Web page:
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Rapid response to:


Rethinking neoadjuvant chemotherapy for breast cancer

BMJ 2018; 360 doi: (Published 11 January 2018) Cite this as: BMJ 2018;360:j5913

Rapid Response:

Re: Rethinking neoadjuvant chemotherapy for breast cancer

Vaidya et al defend their opinions on neoadjuvant chemotherapy with seemingly ill-thought out views.

1. The EBCTCG analysis is outdated as are many of the EBCTCG analyses. However, far from "rubbishing" the analysis we are stressing the importance of considering historical absolute rates of recurrence in the light of current practice. Systemic therapies, whose introduction post-dates the meta-analysis, reduce local-regional as well as distant recurrences. We would not use the figures on local recurrence after breast conservation from the EBCTCG analysis to counsel patients in 2018. Recurrence rates have changed dramatically and we counsel patients with current data.

2. Few patients do not respond to chemotherapy. Women understand the benefits of a responding tumour. The stress of living with a cancer in their breast is manageable and is managed by the multidisciplinary team. In the very few with failure to respond there is the opportunity to switch therapy or to perform surgery. The view that NACT has a negative impact on survival is not supported by evidence.

3. The authors quote a few but not all studies of NACT. Generally, increasing HR for pCR does increase the HR for EFS and OS.

4. The section on tumour marking is perhaps the most perplexing. Once a clip is placed in a large tumour it does stay where it is. Migration happens in smaller cancers immediately after placement. If the marker is not in a satisfactory position a second marker can be placed. Vaidya et al seem to have learned nothing from the lesions of yesteryear and surely must recognise that more extensive surgery has never been shown to improve overall survival. Vaidya and colleagues seem not to have read studies like BO4 where leaving axillary nodes did not influence overall survival. The direction of travel is clear and it is not in the direction of Vaidya and colleagues.

5. Vaidya and colleagues accept testing for BRCA1 and 2 genes is logical but then do not understand how this information can be integrated with knowledge about response to chemotherapy to plan more appropriate treatments for individual patients.

6. Vaidya and colleagues do not see the flaws in their own arguments. On the one hand they emphasise the stress of a patient having a cancer left in her breast and later they dismiss breast reconstruction because it may delay systemic therapy.

7. Vaidya on the one hand accepts that NACT is no worse but on the other hand indicates NACT may increase cancer cell dissemination which would surely make survival worse?

8. While Vaidya and Benson state that breast conservation is possible in only a small percentage of patients the numbers who are in fact eligible for breast conservation is much greater. It is because MDTs are poor at assimilating response data and making the correct decision. The majority of patients in the units in which we work are suitable for BCT after NACT. The rates of conversion reported by Vaidya quoted in the outdated ECBTCG analysis bear no resemblance to the rate ratio we now see. For example, we have shown conversion from obligate mastectomy to breast conserving surgery in 62% of patients [1].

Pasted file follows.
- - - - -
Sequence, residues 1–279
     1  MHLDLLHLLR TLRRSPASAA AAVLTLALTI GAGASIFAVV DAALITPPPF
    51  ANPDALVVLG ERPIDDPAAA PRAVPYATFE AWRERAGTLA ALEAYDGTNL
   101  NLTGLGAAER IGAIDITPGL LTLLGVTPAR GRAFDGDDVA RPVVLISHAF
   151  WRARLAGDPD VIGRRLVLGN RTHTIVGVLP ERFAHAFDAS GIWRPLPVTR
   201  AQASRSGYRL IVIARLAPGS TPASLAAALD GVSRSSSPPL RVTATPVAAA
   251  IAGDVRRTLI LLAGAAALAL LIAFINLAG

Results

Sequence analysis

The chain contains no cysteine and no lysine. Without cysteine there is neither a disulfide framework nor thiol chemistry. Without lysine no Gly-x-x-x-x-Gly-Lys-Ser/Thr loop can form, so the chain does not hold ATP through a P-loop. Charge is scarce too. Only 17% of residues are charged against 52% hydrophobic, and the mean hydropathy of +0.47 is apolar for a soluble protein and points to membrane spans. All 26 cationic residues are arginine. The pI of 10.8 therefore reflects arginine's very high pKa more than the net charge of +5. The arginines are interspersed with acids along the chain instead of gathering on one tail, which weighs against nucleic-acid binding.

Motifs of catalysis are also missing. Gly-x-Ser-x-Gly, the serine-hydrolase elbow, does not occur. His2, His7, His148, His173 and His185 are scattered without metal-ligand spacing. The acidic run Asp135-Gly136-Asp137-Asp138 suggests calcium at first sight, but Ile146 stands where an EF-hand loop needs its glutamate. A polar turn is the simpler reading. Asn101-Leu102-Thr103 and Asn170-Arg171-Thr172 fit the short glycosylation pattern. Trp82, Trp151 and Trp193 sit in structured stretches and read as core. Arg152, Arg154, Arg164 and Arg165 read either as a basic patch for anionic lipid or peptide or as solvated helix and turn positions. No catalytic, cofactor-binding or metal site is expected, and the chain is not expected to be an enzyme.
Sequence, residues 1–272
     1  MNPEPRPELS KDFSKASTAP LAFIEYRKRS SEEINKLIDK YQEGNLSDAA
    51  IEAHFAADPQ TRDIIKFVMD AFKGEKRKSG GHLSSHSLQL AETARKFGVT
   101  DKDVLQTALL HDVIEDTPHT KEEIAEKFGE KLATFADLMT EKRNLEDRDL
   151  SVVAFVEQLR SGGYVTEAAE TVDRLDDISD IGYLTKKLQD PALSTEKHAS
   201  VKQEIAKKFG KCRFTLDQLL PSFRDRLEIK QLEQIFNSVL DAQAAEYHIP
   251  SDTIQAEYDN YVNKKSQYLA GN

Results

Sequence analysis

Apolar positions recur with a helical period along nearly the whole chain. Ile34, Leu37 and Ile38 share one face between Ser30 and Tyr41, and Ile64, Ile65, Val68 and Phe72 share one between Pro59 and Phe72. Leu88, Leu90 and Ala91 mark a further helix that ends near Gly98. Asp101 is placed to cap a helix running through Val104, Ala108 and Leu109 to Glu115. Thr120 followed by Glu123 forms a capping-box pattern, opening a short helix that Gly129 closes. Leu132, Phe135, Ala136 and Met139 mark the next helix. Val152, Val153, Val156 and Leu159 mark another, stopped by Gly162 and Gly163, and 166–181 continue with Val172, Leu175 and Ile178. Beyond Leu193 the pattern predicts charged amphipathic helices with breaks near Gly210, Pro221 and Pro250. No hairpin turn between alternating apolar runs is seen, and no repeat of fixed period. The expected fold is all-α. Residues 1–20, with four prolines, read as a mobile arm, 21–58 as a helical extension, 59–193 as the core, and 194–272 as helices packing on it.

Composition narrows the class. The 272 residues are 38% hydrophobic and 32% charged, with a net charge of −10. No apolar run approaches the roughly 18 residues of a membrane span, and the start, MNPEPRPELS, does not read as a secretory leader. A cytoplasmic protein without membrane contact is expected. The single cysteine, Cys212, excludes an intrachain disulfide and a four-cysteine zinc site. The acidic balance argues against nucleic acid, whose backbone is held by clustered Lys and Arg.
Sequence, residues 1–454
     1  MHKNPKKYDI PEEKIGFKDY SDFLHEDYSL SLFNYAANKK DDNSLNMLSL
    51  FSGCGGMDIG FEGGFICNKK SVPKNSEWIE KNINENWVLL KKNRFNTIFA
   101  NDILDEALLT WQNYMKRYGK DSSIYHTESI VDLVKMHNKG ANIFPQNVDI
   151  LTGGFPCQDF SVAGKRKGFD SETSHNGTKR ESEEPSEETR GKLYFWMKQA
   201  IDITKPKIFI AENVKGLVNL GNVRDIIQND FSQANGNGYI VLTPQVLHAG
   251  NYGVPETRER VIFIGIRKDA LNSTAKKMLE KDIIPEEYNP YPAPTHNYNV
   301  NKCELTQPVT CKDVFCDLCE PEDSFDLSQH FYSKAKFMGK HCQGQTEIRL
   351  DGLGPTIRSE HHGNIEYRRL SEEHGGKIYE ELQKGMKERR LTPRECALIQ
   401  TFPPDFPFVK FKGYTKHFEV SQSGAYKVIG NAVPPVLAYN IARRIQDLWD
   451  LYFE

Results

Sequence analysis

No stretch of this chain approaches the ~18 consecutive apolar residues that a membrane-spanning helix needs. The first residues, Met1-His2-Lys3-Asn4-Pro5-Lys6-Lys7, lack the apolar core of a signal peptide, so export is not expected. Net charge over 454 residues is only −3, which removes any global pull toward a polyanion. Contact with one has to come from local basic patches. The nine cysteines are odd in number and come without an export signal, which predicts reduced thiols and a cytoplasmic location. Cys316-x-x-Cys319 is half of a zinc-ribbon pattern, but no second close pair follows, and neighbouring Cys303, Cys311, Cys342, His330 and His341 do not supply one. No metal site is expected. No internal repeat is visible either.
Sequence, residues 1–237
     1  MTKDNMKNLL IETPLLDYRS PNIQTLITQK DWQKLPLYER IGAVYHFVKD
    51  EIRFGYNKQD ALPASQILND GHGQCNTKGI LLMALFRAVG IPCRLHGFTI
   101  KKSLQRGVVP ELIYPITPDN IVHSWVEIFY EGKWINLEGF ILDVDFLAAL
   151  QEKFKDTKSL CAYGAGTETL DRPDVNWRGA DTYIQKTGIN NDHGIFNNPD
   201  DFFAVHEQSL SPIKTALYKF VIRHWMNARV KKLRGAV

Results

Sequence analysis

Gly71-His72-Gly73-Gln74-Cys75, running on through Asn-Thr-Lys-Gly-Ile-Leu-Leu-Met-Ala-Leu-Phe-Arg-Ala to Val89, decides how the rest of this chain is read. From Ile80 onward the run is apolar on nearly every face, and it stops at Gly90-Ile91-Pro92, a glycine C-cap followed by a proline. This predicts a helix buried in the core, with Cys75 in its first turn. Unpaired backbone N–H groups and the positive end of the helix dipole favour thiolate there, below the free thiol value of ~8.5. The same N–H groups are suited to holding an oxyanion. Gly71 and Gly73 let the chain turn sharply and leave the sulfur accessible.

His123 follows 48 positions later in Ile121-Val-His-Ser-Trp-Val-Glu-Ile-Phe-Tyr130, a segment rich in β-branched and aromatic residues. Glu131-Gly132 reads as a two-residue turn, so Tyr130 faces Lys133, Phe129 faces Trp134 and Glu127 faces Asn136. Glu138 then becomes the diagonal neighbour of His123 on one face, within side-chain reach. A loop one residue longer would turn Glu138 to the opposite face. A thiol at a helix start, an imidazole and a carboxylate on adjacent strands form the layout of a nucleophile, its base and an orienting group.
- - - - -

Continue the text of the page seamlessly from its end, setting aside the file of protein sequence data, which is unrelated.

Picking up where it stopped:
9. The benefits of downstaging are not only confined to the breast but include sparing patients with proven node positive disease axillary clearance with its associated morbidity in the event of nodal pCR. Improvements in technique with clipping of the involved node and removal of at least 3 nodes following dual mapping give acceptable false negative rates of >10%. Overall nodal pCR rates range from 35-49% but can be as high as 97% in ER-/HER2+ patients treated with dual blockade. As with conversion to breast conserving surgery patient selection is the key; a recent review of practice by Pilewskie et al. showed a significant reduction in ALND rates in HER2+ and TN breast cancer but not ER+/HER2- disease where axillary clearance rates were paradoxically higher in the neoadjuvant setting if Z0011 criteria are used [2].

Thankfully the views of Vaidya and colleagues are not shared by the majority of surgeons and oncologists managing women with breast cancer who will continue to explore the significant value of NACT in modern day management of breast patients.

Prof J Michael Dixon OBE, Professor of Surgery and Consultant Surgeon, Edinburgh Breast Unit, Western General Hospital, Edinburgh.
Dr Iain R Macpherson, Clinical Senior Lecturer in Medical Oncology, Beatson West of Scotland Cancer Centre, Glasgow
Mr Henry Cain, Consultant Oncoplastic Breast Surgeon, Royal Victoria Infirmary, Newcastle
Dr Caroline Michie, Consultant in Clinical Oncology, Edinburgh Cancer Centre, Western General Hospital, Edinburgh.
Dr Elena Provenzano - Lead Consultant Breast Pathologist, Addenbrookes Hospital and NIHR Cambridge Biomedical Research Centre, Cambridge.

1. Pieri A, Whyte E, Cain H. Outcomes following neoadjuvant chemotherapy: converting trial results into "real world" practice, European Journal of Surgical Oncology 2017, 43(5): S58
2. Pilewskie M, et al. The Optimal Treatment Plan to Avoid Axillary Lymph Node Dissection in Early-Stage Breast Cancer Patients

Competing interests: IM, HC - paid membership of advisory board, travel and accommodation for Roche Products UK Ltd. IM - paid membership of advisory board for Genomic Health.

06 March 2018
J Michael Dixon
Professor of Surgery and Consultant Surgeon, Clinical Lead, Breast Cancer Now Research Group, Edinburgh
Dr Iain R Macpherson, Mr Henry Cain, Dr Caroline Michie, Dr Elena Provenzano
Edinburgh Breast Unit